In Wareham, Massachusetts, the premium concept is taken even further. Originally built in 2004, this eight-plex received the premium treatment as Flagship decided to “graduate to beer and wine for the first time.” The addition of the Pig & Whistle lobby bar has “really positively affected our bottom line,” Wenger says. But why “Pig & Whistle”? “John Crowley, our chief executive officer, had an extensive background in steamship history. Realizing that we were going to be getting into the bar business in cinemas, the question came up as to what to have for a name. When John said, ‘Why don’t we call it Pig & Whistle?’ we were all sort of baffled. None of us knew that, back in the day, the concessions area on the old ships, where they also sold alcohol, was called the Pig & Whistle. We had no idea, but everybody liked the concept and we decided to make that our brand for the theatres.” Despite the fact that Flagship Cinemas are built around a nautical theme already, Wenger has found that the name is equally puzzling to guests. “I would say that 90% of the people that walk in to our building ask, ‘What is Pig & Whistle?’ The name does intrigue people enough to ask questions. It brings attention to our offering.”
On the subject of nautical design and themes, for their premium locations Flagship is moving away from the portholes and colorful flags that adorn its other cinemas. “In Palmyra, we decided that we wanted our premium concept to feel more like a luxury experience in a five-star hotel,” Wenger says. “From the minute you get out of your vehicle and step into our foyer and indoor lobby, we really want to give our guests a sense of elegance.” Thus, the Flagship Premium Cinema aesthetic was born. “We felt that name really hit the target on what it was we were trying to provide our customers. It seemed like the perfect marketing word,” he contends. “Frankly, I think the premium description works far better than ‘VIP,’ for instance. That said, we do have VIP lounges within our premium facilities. We did not abandon the idea of VIP, but we chose not to use it as our prime brand.”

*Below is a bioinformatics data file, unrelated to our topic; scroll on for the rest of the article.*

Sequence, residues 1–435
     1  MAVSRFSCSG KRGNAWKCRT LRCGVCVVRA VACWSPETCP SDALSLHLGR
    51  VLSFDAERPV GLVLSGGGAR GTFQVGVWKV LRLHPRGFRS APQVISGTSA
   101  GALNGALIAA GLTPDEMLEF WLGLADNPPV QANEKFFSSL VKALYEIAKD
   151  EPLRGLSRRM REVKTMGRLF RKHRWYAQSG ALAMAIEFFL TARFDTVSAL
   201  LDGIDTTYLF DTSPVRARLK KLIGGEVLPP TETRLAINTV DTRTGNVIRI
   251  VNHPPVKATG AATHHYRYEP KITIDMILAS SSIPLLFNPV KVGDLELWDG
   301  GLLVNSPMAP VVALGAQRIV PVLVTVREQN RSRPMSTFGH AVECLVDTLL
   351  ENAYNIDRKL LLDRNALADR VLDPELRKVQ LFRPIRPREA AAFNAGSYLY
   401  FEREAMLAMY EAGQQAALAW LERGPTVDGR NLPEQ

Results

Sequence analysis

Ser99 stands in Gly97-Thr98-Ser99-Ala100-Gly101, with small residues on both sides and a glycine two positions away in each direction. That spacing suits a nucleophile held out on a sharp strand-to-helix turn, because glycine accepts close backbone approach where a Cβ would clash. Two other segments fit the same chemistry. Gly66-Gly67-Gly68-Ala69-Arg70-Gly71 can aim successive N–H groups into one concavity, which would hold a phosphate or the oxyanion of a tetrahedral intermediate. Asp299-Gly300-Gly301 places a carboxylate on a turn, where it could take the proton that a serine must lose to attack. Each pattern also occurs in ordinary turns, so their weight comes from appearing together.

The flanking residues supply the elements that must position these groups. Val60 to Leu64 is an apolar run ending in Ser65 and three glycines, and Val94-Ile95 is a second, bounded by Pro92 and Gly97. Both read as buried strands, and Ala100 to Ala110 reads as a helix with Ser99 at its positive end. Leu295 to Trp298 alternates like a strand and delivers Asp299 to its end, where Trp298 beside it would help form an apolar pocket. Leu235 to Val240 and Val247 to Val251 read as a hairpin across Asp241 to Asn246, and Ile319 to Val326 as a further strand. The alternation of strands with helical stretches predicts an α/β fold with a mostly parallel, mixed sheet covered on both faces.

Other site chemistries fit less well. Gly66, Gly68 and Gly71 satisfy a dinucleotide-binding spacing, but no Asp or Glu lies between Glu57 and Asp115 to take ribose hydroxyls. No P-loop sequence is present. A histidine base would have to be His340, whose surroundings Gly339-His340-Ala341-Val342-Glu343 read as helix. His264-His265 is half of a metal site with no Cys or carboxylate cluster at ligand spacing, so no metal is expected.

First-class amenities aside, “we still maintain that cinematic feel,” Wenger assures. For one thing, “nostalgic” bus-shelter sized posters are recreated in-house for display across the lobby areas. “We receive positive comments about the décor and how it makes people feel. There is a certain warmth to our lobby designs, where people come in and feel very comfortable. The word we hear the most is ‘cozy.’ Hearing that makes us feel like we have achieved our goals.”
At the same time, there are no more paper one-sheets for current and coming attractions. “All of our systems have been digital for quite some time now. On average, there are some 40 monitors located throughout our lobbies and concession areas to keep people constantly entertained,” Wenger says. While utilizing integration from their RTS Solutions point-of-sale systems, “all of our signage is done internally. We call them ‘Feature Walls.’ They run trailers and posters and our own promotions.” Flagship also boasts its own printing facility, which can turn out oversized classic movie posters.
Wenger gives credit where credit is due: to the people who make Flagship Cinemas great. “We have been recruiting and hiring some really talented and dedicated individuals over the past 20-some years. We challenge every one of them to think outside the box.” That applies in steering the (Flag)ship, too. “As a company, we tend not to operate by universal law. We encourage all of our people to really try and understand what each market needs. In our opinion, there is no one-size-fits-all. Our team works very hard to understand the customers and the trends. And then we cater to those needs. We are an all-hands company.”
All hands on deck, indeed, at Flagship Cinemas.
The author dedicates this article to Pauline Mickle.